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2013—Day 164—Fortnight

When I left the gym this morning, the glint of sun reflected in water drops on a fortnight lily caught my eye, espcially because my friend Honora had just sent me a collection of macro water drop photos that were awe-inspiring. This photo is not particularly awe-inspiring because I don’t have a macro lens and I didn’t have my tripod and I was battling a slight breeze that kept the flower in almost constant motion but I think a bit of cropping and adding a vignette makes for an interesting flower photo.

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2013—Day 163—Sea Salt Caramel Gelato

I suppose I should be worried that today, Raley’s Supermarket texted me a coupon for $2 off Talenti’s gelato. That means their targeted marketing is dead on! In the past few weeks, I have bought so many pints of Talenti’s Sea Salt Caramel Gelato, with huge chunks of dark chocolate suspended throughout its silky goodness, that it has surpassed everything else I buy there. . .even Zinfandel!. . . and rocketed to the top of the list. I found it quite by accident and tonight, when I got home with my newly acquired pints, having taken no other photos today, I decided to feature it. Yum!

I took a little too long to set up this shot so the gelato has melted a bit more than I wanted but it still looks luscious and, of course, I had no trouble devouring the model once I’d taken all the shots I needed!

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2013—Day 162—L’herbes Du Provence

I had dinner tonight on the patio. It consisted of a glass of Klinker Brick Zinfandel and herbed goat cheese with ciabatta bread. The herbs in the goat cheese were herbes du Provence, which includes thyme, basil, lavender, and perhaps, rosemary. Although this photo doesn’t show it, the basil is to the left and the rosemary is to the right. The lavender and thyme are in the background but I didn’t make this batch of l’herbes du Provence nor did I infuse it in the goat cheese. I bought it at Safeway. It is delicious. I may have this dinner again tomorrow night!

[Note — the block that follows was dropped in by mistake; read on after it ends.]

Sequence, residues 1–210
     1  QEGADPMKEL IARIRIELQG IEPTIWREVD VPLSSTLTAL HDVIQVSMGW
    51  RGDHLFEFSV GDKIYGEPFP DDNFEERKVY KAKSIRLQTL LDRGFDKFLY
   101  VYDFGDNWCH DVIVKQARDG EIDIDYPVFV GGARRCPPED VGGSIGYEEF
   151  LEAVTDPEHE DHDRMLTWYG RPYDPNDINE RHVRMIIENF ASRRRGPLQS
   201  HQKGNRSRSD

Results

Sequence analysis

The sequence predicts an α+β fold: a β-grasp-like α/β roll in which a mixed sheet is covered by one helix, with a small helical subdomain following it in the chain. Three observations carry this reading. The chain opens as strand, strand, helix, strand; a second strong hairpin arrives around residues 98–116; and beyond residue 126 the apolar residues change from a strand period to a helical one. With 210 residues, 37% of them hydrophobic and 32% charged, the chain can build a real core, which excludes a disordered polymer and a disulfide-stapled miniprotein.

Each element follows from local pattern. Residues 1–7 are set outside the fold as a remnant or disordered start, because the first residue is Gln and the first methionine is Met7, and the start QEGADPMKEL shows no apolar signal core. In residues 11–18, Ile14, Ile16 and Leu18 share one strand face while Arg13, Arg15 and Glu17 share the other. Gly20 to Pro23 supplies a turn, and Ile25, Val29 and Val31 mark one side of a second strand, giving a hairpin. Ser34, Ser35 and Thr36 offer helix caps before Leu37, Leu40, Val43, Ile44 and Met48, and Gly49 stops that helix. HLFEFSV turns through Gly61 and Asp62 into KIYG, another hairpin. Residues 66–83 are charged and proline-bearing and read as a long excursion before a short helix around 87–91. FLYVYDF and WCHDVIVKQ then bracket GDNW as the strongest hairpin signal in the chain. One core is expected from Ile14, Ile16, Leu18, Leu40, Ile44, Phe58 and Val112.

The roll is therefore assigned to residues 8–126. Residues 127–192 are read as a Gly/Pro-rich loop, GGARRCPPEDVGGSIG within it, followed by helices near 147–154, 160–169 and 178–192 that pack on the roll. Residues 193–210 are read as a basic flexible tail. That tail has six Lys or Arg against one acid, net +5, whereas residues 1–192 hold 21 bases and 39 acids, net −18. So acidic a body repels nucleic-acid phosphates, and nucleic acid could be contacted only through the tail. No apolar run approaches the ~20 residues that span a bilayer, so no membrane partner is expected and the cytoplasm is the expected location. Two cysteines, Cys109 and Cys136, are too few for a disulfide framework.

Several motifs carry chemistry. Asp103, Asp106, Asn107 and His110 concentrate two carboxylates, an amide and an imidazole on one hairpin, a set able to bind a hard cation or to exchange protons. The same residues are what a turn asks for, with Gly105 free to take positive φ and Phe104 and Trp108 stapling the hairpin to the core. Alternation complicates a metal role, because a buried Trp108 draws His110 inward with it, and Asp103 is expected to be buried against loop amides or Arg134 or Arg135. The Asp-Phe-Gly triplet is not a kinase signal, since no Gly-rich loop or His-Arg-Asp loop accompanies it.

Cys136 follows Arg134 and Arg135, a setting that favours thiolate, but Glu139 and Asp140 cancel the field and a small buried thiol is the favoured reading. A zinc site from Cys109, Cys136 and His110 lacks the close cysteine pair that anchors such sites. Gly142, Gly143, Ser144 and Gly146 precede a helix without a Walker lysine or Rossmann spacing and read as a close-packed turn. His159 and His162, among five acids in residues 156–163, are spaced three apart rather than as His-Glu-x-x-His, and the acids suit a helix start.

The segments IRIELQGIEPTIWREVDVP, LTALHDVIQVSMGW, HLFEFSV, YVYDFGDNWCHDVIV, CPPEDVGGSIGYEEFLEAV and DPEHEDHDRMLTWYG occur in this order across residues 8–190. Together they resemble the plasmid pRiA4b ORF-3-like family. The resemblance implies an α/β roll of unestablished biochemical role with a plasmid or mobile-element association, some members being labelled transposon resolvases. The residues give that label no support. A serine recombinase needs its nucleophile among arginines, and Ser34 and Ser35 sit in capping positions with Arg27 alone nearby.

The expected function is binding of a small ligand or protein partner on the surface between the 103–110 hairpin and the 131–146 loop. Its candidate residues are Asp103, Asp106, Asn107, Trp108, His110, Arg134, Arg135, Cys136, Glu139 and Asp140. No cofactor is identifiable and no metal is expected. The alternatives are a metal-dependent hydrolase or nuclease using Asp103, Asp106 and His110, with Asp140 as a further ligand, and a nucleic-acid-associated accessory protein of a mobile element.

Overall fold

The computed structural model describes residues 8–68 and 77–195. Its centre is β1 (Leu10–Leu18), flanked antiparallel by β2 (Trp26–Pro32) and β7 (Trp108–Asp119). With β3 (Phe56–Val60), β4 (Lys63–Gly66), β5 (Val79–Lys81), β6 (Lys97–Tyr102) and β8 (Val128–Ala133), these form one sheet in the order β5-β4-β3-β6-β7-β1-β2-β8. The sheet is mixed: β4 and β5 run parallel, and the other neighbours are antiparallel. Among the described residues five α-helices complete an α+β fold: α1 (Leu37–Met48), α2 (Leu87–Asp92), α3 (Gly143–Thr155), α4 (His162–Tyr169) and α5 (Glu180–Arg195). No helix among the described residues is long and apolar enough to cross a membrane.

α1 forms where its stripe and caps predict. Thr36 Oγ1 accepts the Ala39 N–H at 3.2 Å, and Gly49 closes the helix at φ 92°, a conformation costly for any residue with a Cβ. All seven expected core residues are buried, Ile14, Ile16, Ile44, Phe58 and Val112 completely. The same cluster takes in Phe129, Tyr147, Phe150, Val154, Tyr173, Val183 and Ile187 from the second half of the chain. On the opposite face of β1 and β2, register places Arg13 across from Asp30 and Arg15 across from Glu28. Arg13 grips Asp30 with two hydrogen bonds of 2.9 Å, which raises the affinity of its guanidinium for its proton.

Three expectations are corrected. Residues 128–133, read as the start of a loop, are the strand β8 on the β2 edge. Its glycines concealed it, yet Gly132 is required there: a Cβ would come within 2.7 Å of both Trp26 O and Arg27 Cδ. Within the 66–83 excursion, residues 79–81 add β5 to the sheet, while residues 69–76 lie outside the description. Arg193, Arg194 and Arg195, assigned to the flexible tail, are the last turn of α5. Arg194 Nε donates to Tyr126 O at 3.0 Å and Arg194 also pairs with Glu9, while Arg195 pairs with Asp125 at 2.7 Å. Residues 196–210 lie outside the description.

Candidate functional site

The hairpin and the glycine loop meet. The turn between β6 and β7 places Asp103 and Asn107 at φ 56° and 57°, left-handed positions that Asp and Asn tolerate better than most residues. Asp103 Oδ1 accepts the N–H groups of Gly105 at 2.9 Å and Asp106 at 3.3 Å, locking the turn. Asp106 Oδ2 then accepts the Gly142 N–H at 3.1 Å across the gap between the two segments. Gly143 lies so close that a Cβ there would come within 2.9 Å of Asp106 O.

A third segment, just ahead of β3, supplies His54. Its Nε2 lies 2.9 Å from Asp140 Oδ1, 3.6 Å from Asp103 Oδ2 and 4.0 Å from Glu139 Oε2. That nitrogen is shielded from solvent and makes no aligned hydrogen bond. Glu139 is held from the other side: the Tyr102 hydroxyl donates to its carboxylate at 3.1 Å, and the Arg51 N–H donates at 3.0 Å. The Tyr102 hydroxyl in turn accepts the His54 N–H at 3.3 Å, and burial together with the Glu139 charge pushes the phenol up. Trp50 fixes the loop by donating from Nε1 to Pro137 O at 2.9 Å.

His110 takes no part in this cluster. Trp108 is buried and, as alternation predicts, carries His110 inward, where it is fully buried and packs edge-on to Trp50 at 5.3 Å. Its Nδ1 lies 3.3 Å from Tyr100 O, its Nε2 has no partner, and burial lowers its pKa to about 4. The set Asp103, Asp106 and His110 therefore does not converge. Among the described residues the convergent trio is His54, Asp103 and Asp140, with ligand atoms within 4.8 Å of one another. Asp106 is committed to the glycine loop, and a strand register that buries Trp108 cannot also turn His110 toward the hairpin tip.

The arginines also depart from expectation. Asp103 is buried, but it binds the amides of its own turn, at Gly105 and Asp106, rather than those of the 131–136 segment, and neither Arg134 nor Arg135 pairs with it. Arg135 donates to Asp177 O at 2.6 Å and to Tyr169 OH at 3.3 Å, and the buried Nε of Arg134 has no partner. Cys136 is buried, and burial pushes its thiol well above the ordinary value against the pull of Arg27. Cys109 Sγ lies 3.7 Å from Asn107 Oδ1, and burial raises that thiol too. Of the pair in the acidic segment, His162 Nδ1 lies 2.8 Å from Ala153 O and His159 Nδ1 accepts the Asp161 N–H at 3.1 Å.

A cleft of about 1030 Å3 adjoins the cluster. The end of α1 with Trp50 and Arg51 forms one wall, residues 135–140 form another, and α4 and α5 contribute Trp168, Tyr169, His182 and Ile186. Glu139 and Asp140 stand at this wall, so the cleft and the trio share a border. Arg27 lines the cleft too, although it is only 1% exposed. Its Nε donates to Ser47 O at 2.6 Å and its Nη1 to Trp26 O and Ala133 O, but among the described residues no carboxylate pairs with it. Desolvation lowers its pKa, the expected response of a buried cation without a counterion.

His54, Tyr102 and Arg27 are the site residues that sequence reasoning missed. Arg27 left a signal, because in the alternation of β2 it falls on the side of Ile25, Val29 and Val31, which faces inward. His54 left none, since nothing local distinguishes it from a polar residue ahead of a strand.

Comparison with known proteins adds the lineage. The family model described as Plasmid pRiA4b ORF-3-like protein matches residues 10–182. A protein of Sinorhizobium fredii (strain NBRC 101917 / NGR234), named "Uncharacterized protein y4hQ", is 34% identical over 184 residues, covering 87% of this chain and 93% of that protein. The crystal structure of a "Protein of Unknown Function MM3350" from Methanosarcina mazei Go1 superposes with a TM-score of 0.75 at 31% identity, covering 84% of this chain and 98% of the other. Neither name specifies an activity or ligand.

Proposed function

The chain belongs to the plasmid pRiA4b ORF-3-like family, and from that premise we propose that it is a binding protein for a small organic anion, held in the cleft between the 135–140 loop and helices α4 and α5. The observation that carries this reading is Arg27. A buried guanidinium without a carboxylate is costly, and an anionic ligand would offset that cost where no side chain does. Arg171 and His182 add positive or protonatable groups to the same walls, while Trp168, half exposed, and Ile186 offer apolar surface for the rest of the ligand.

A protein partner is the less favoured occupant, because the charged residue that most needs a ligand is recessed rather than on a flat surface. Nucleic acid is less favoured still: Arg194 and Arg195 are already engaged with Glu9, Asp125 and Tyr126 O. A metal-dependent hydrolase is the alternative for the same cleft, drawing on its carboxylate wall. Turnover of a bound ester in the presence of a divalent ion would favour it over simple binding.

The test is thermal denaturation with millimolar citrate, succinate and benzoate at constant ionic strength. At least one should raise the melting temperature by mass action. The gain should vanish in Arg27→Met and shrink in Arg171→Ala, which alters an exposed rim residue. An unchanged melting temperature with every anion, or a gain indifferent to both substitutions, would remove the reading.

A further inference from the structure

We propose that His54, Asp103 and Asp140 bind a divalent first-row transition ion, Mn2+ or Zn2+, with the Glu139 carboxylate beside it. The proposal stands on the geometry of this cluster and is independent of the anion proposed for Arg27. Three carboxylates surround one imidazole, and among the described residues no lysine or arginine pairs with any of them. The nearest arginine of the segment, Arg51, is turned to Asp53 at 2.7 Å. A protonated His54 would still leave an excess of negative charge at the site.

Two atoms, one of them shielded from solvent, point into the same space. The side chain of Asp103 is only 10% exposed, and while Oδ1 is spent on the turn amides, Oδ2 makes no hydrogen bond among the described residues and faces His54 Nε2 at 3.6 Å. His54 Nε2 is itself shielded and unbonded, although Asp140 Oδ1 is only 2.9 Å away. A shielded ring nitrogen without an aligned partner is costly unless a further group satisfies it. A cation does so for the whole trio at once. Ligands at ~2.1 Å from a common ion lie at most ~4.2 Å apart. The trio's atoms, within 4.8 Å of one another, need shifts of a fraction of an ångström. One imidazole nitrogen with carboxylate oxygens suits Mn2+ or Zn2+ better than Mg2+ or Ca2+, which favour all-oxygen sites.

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2013—Day 161—Pink

One of my favorite roses, one that I have featured here in the past, is Abraham Darby, a gorgeous pink David Austin rose with a deep, heady fragrance, and so many petals it is too heavy to stand upright without support. This evening as the sun dipped, I noticed my David Austin rose had a single, lovely bloom that had managed to survive the killer weekend heatwave and had perched itself on one of its horizontal trellis bars so the cluster of petals displayed themselves to me instead of drooping toward the patio.

I used my tripod and set the aperture to f/22 to capture a deep depth of field.

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Focal Length 70mm
ISO 100
WB Fine Weather